Date of Award

5-1979

Degree Type

Thesis

Degree Name

Master of Science in Education (MSEd)

Department

Education and Human Development

First Advisor

Donald Johnson

Abstract

The purpose of this thesis was to attempt to discover a workable hierarchy in the acquisition of basic mathematics concepts. Research indicated that, to date, no definite hierarchy had been established.

Ninety-nine subjects, ranging in age from three years to nine years and eleven months, were asked to perform fourteen tasks. These tasks represented seven mathematics concepts: cardination-counting, discrimination, one-to-one correspondence, ordination, seriation, classification, and conservation. Responses to the items were recorded by the examiner as either correct or incorrect.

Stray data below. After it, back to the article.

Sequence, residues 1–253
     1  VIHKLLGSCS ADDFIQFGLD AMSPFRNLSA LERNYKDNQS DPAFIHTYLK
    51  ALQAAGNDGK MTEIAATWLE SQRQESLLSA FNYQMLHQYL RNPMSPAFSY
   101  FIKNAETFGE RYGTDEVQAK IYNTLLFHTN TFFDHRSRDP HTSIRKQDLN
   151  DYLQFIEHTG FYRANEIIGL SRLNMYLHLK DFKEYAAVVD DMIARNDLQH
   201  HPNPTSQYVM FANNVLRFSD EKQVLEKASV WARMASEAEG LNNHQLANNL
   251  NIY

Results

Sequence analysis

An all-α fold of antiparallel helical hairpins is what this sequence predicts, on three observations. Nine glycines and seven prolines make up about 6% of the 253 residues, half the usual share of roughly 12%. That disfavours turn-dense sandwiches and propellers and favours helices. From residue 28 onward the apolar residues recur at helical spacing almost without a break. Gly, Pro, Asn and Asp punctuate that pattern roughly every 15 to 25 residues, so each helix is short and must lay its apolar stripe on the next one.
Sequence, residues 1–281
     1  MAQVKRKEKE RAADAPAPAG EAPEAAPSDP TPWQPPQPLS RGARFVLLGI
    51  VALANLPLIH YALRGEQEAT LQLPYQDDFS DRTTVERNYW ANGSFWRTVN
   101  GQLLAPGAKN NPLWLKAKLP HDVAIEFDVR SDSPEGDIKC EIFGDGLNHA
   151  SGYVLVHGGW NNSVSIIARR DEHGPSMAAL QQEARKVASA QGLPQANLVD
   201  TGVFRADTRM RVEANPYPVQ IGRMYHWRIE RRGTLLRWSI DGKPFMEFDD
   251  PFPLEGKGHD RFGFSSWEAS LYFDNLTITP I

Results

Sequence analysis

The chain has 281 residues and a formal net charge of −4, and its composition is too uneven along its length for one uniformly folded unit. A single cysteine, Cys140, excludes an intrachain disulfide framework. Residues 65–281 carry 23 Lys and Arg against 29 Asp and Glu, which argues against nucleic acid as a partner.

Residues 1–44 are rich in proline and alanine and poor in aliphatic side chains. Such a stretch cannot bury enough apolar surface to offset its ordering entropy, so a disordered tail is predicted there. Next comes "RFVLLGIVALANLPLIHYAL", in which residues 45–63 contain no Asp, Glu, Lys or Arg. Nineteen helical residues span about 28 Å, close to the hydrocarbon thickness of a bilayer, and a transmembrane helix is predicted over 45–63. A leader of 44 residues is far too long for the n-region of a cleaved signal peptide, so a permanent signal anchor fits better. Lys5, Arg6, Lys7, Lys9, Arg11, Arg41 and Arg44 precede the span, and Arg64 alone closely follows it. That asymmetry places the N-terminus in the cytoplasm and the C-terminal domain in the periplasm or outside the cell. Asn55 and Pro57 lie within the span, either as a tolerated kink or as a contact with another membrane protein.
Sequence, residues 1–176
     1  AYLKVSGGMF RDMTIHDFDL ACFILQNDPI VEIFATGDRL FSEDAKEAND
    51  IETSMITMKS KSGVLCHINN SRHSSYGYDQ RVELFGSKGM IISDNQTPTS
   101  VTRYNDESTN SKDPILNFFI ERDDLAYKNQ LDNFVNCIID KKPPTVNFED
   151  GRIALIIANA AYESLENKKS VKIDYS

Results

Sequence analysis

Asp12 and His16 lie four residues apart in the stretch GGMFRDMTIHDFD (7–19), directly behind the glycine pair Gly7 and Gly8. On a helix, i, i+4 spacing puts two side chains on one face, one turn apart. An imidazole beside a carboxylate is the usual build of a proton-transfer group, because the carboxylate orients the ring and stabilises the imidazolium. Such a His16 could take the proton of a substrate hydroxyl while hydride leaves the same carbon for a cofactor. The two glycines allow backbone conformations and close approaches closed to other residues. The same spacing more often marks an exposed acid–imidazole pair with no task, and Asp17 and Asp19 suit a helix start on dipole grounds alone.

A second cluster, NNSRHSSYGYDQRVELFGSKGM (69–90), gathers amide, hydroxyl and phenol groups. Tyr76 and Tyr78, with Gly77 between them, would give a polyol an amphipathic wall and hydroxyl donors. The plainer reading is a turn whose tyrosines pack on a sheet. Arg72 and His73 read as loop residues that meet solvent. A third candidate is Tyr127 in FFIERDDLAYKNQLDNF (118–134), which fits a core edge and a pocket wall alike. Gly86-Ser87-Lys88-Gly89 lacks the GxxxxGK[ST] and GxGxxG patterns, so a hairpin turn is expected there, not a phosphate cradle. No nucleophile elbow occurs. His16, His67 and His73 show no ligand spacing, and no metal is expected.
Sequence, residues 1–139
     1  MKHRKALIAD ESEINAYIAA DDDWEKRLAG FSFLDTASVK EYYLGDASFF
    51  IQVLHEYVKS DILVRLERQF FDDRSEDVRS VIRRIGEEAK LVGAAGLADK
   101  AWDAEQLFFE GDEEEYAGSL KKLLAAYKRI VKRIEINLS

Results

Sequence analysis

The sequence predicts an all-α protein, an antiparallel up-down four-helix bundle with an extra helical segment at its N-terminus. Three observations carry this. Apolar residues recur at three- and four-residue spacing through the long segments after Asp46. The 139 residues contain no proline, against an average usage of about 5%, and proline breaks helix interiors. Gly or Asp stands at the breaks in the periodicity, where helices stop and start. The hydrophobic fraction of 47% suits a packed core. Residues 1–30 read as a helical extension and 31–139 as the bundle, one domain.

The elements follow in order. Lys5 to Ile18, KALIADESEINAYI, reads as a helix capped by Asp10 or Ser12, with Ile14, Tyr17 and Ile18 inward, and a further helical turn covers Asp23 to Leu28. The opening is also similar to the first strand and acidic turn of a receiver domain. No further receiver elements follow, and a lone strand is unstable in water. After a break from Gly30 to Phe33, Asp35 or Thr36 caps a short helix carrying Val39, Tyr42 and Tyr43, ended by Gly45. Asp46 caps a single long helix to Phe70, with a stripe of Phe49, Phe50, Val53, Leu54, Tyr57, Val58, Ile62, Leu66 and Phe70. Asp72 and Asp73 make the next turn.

Green's (1956) Scalogram Analysis was used with the data to determine whether or not a hierarchy did exist in the represented mathematics concepts. Findings indicated that although the items were independent of one another, a definite hierarchy did exist. This hierarchy was maintained in each of two subgroups, one consisting of easier items and the other of more difficult items.

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